It’s made the news – in a big way, this fantastic gymnast, Simone Biles, is adopted (I didn’t know that and nor do I need to, but I do now!) her grandparents adopted her, known as kinship adoption.
Controversially, NBC announcer Al Trautwig tweeted “they may be mom and dad but they are NOT her parents” and what this highlighted for me is the complexities of adoptive families, who is and isn’t a ‘real’ parent, ‘real’ dad, ‘real’ sister etc etc
For me it brought up the most common question I get asked about my children – “are they related?” “are they proper brother and sister?” I’m not offended by it and I know many people are making conversation and trying to find out a bit more information etc.
While we were away on holiday this year, my son said to me “we are not related” (he and I) it didn’t upset me but it did give me useful insight as to what may be going on in his head and brought up an interesting conversation (and genetically he has a point!).
You won’t be surprised to hear that I think your parents and family are those that support you, spend time with you, take care of you, do all the day to day looking after – the meals, the washing, the taking to school, the medical appointments, the love that all children need as they grow up. But the complexities cannot be ignored, there is a complex structure to family for adopted and looked after children – the birth family, the adoptive family, the foster family (and often all three), relationships with social workers, support workers and therapists – all important adults.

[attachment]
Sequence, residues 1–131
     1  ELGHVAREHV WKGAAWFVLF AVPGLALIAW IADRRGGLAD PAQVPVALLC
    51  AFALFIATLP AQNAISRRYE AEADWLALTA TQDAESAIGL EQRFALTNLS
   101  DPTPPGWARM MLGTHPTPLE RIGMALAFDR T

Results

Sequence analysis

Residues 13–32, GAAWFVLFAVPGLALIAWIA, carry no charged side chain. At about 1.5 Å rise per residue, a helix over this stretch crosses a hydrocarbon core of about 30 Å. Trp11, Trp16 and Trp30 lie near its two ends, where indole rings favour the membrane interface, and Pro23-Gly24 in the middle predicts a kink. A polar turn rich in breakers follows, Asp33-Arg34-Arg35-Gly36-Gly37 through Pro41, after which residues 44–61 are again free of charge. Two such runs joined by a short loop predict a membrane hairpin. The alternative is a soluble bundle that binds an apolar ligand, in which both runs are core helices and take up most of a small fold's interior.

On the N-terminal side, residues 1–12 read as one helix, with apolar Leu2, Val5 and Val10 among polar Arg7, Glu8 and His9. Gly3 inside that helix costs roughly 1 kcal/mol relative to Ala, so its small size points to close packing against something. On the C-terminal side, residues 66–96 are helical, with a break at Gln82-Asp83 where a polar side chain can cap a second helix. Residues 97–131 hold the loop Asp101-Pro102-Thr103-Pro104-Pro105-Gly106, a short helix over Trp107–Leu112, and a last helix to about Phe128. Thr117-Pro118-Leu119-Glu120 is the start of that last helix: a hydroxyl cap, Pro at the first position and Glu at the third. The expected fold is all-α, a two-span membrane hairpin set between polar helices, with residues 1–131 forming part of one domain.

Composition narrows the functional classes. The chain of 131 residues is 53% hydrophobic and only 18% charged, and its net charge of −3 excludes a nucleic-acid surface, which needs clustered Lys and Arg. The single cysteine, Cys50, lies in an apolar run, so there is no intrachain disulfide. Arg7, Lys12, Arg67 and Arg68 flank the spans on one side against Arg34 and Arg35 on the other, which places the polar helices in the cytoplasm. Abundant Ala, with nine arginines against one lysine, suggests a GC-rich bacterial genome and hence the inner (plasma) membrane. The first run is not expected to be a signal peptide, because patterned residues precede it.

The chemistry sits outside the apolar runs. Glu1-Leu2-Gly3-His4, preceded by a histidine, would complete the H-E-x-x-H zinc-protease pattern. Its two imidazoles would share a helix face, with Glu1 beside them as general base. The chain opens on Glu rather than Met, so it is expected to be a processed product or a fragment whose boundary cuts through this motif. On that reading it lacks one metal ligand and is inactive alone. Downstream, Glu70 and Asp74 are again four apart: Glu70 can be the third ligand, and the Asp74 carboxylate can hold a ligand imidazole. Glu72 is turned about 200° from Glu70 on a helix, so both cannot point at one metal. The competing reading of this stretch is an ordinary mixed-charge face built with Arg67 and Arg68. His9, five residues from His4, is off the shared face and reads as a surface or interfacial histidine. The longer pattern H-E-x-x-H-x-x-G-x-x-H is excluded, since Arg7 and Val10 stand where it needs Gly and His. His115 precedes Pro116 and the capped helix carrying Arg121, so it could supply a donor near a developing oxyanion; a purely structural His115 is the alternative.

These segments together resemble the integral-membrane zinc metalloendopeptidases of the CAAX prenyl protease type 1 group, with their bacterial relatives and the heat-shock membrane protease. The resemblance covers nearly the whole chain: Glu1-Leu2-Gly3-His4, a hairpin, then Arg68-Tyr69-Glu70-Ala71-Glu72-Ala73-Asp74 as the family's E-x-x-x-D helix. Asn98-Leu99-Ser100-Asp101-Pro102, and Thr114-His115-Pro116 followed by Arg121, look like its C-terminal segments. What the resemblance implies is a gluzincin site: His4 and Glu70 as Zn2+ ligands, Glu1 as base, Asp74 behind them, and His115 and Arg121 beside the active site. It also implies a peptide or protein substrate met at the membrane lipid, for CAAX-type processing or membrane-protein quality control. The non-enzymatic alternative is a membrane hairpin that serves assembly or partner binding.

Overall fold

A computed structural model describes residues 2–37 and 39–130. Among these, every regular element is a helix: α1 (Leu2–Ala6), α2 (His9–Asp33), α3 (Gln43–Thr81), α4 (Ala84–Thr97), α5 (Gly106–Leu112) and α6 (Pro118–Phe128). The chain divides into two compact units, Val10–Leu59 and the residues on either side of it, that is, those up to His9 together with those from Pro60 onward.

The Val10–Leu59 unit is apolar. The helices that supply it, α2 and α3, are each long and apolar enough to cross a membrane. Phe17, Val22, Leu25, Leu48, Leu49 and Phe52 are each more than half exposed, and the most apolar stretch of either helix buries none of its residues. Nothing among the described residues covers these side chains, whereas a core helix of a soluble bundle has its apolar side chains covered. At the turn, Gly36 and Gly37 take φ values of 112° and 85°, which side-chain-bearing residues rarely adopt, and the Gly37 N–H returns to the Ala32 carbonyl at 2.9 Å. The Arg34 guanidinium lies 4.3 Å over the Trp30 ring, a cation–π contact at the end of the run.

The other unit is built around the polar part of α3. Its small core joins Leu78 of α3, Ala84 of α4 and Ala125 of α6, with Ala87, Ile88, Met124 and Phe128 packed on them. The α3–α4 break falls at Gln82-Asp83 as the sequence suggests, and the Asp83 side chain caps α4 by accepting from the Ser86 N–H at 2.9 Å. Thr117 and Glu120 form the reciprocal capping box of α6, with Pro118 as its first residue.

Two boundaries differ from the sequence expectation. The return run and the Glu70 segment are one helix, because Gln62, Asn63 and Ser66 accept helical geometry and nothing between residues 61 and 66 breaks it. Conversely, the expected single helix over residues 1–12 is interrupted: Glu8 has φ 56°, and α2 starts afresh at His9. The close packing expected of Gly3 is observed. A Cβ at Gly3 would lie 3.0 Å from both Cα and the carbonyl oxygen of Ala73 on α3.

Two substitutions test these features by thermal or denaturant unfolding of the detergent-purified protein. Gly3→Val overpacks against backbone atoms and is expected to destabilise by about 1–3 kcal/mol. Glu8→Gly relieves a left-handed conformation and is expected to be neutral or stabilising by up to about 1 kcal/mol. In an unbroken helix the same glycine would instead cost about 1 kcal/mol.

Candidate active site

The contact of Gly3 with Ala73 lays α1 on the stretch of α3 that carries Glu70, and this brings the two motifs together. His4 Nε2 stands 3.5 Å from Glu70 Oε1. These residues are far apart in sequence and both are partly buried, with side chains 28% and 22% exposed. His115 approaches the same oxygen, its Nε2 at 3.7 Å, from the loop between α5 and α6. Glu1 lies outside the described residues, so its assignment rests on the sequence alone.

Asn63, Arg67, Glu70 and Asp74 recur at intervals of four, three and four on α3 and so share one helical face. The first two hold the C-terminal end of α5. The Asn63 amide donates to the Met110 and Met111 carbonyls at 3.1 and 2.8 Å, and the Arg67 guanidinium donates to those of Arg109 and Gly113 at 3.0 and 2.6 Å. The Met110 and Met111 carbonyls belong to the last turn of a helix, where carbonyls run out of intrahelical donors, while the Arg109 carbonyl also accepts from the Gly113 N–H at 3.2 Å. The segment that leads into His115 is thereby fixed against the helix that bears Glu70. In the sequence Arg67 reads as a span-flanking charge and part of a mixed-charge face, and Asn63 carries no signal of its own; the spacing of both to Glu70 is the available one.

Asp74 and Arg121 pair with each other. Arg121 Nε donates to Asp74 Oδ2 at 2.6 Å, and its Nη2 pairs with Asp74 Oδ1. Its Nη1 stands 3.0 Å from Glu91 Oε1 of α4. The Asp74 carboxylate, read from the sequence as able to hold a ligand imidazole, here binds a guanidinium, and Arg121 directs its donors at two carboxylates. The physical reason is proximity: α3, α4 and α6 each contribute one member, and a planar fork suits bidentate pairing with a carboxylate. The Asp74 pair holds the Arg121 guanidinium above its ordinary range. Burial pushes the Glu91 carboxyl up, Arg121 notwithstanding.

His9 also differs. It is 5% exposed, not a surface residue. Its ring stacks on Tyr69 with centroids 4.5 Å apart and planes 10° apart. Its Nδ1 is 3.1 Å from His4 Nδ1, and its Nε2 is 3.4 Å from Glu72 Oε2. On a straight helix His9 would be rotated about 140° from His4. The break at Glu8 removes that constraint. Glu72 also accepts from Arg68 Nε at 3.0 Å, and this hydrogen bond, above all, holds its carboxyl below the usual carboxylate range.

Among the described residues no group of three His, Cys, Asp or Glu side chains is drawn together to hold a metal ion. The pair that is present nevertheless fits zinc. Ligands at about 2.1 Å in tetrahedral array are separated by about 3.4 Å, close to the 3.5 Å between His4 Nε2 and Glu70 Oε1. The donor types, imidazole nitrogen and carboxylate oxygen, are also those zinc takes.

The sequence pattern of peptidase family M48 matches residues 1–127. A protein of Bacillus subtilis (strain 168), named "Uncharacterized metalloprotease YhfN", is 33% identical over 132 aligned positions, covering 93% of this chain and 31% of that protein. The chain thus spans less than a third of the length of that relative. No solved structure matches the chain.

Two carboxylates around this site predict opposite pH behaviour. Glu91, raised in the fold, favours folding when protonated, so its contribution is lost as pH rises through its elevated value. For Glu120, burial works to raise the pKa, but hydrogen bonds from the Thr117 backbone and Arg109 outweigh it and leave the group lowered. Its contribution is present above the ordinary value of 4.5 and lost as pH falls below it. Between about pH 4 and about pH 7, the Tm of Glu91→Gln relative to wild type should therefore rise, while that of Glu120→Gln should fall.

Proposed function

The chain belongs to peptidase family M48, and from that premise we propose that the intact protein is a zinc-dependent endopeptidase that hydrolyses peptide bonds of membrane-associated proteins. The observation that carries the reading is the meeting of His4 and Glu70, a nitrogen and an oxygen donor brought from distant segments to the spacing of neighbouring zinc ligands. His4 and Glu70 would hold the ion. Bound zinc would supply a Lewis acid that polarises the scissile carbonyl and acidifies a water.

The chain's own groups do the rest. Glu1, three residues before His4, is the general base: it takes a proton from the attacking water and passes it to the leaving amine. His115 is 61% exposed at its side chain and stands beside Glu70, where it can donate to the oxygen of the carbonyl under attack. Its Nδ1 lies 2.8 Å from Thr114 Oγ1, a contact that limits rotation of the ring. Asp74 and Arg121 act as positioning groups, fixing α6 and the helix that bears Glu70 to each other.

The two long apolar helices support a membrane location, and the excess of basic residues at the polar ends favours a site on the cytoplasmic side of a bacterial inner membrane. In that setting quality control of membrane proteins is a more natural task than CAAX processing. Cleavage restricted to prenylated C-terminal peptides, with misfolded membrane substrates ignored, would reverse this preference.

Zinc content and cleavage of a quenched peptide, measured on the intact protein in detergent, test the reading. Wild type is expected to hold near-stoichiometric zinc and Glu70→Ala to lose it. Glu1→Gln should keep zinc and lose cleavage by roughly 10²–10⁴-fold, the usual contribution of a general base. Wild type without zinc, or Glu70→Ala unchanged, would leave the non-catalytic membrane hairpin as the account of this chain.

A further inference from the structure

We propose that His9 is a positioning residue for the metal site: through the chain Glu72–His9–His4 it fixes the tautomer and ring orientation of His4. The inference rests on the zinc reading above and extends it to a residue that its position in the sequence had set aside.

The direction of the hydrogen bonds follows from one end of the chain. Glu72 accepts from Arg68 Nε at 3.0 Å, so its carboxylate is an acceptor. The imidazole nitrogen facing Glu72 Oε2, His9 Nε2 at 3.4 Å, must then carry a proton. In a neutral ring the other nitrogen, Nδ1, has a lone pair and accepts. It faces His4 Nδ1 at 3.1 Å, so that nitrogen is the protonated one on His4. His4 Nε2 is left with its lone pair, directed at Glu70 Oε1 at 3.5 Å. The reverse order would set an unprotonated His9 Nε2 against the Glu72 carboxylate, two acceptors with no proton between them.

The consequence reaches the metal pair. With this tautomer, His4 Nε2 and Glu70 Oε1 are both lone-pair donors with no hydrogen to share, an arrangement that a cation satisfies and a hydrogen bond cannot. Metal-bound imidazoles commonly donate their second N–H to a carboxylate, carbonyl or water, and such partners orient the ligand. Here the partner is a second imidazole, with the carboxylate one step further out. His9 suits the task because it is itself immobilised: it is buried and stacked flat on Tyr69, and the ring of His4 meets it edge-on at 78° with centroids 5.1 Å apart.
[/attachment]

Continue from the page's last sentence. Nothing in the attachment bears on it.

Our society has more complex family structures than perhaps in years gone by with blended families, and step-parenting common place, perhaps families that are built in this way can relate to what I am saying (I am a step-parent too!).
So perhaps the next time someone asks me if my children are ‘related’, I will just say we are a family like any other and leave it at that.
What is fantastic is that now I know this brilliant woman is adopted I can say to my children “you can do it too” despite or in spite of your rough start you can be successful too and maybe it will drive you further.
Enjoy the rest of your summer holiday.
I run workshops to support parents of tweens and teens and work one to one with parents.